PHILADELPHIA • At one point during the Cardinals' celebration Wednesday in Houston, during a break between champagne showers, starter Kyle Lohse was pulled aside for a moment by pitching coach Dave Duncan.

The two had not spoken since Duncan took a leave of absence from the team in mid-August to help his wife recover from brain surgery, but that didn't mean the sage didn't have something to say.

"Any time Dunc speaks," Lohse explained, "you listen."

It was not a long conversation.

It made up for it in meaning.

"I wanted to tell him that he's a big part of what happened at the end of the season there," Duncan said. "He was really a solid guy every time he went out there. And without that, the ballclub doesn't get where it got."

Lohse will also have a role in where the ballclub goes next. Less than two months after being skipped in the rotation, pushed aside and momentarily reassigned to the bullpen, Lohse arrives at Citizens Bank Park this afternoon as the Cardinals' Game 1 starter in the National League division series. He was not told about his second career playoff start officially until 40 minutes before the Cardinals took the field for a workout Friday. But he had a suspicion. He could read the rotation.

For others, the stats were revealing.

With a no-decision in his final start of the regular season, Lohse fell short of a career-high 15th victory, but otherwise 2011 was perhaps his finest season. Lohse led the Cardinals with 14 wins and a 3.39 ERA. He won five of his final eight starts, and as the Cardinals stormed toward the NL's wild-card berth, Lohse was, as Duncan told him, an essential part of the run. The righty went 3-0 with a 1.72 ERA in five starts since the Cardinals fell 10 1/2 games behind Atlanta. The last of those wins came against Philadelphia at Citizens Bank Park, pitching opposite the same starter he'll face this afternoon, Phillies ace Roy Halladay.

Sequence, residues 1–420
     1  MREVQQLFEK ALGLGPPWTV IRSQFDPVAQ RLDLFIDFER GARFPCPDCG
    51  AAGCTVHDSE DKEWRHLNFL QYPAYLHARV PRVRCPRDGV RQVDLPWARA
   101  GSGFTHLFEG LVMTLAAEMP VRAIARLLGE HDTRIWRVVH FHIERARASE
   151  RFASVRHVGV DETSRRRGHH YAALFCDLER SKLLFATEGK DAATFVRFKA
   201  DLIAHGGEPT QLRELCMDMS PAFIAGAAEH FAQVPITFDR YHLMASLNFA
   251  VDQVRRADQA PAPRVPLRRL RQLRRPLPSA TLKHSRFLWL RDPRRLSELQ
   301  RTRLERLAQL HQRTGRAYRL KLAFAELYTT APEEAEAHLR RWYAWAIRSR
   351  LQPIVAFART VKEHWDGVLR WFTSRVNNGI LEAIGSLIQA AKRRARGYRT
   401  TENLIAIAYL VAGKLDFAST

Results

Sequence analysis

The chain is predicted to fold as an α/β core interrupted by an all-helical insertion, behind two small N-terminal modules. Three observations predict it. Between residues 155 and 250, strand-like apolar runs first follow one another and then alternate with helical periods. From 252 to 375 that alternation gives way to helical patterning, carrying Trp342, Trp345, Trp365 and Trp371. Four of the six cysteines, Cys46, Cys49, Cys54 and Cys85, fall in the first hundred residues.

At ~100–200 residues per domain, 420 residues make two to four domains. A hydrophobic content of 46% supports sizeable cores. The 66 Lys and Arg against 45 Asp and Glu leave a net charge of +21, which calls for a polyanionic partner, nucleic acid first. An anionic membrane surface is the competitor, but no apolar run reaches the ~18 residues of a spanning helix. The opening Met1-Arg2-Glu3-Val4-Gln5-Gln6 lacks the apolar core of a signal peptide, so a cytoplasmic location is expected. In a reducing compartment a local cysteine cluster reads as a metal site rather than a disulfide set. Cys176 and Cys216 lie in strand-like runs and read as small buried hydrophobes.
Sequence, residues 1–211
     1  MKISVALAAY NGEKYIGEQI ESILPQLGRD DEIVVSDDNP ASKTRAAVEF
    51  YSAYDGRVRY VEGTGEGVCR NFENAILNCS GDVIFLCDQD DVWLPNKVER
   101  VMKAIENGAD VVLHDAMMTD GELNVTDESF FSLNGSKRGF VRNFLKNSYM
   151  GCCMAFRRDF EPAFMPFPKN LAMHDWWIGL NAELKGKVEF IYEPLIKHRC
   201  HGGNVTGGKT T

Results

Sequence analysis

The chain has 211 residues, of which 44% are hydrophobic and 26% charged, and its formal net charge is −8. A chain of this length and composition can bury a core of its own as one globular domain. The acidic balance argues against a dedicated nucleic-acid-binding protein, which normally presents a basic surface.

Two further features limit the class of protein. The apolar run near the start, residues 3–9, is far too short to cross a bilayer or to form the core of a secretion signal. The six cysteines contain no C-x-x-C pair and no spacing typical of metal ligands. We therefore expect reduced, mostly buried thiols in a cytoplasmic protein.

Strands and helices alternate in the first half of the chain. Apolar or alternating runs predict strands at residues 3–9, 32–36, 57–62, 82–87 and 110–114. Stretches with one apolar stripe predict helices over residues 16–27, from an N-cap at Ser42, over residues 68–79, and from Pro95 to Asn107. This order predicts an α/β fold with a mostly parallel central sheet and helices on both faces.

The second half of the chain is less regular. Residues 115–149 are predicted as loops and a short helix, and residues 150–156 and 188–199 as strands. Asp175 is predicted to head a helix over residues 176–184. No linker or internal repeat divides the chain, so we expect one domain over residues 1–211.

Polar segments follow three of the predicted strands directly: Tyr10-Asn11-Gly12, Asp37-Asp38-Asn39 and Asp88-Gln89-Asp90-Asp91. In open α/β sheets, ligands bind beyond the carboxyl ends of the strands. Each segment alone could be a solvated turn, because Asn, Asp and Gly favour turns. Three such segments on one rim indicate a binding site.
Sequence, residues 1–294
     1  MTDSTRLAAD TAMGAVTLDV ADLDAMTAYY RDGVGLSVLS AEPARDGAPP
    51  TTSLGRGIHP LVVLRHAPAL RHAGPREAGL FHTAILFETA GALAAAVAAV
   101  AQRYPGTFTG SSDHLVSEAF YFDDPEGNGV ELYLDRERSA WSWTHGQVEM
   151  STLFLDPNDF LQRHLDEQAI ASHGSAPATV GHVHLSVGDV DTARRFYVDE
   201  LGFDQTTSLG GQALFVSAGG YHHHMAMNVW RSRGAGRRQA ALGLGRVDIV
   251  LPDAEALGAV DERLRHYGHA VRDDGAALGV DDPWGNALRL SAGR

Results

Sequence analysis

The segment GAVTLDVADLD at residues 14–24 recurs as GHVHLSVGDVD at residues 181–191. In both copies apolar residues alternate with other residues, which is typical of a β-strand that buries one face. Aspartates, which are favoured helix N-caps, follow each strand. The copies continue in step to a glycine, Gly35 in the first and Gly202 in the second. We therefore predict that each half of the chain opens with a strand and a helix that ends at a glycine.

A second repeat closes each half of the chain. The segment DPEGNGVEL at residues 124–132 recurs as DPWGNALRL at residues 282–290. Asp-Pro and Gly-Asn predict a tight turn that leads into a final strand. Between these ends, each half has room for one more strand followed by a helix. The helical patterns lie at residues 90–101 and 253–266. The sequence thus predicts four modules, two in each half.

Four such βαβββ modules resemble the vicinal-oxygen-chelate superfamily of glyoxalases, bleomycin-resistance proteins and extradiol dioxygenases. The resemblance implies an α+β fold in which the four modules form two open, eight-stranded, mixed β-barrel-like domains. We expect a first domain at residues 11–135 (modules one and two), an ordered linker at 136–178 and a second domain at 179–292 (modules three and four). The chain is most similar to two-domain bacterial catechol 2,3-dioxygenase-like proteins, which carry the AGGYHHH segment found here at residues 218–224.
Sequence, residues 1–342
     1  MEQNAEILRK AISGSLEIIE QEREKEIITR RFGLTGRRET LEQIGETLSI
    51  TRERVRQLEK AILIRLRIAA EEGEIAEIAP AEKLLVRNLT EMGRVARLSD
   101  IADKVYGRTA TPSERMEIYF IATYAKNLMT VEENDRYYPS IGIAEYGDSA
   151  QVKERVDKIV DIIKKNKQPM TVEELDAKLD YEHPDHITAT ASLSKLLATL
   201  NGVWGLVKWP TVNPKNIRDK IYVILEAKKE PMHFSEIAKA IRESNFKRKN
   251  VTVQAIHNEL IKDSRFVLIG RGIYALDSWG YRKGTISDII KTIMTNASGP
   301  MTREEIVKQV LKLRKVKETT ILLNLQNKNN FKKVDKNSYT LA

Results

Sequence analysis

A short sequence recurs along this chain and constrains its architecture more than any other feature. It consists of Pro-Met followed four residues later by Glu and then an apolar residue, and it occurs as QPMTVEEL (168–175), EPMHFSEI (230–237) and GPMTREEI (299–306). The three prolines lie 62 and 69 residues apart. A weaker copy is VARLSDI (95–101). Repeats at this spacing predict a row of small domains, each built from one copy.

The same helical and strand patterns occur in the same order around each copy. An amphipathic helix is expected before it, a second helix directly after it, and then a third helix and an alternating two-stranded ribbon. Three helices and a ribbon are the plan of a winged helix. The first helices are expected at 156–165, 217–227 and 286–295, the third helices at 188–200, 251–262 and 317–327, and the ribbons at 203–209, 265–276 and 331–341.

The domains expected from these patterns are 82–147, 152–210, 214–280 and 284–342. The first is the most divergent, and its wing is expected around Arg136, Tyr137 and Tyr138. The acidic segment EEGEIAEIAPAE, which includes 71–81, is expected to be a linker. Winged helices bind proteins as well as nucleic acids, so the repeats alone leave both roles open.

"My year was kind of three parts," Lohse said. "I started off hot. In the middle, I kind of cooled off a little bit. And I started getting moved around a little bit. Apparently, it gave me the rest that I needed. I didn't feel like I needed a whole lot of extra rest, but I was struggling a little bit with the finger issue. It went away and I finished strong. There wasn't really something that I looked forward to getting skipped and pushed around, but it definitely helped out."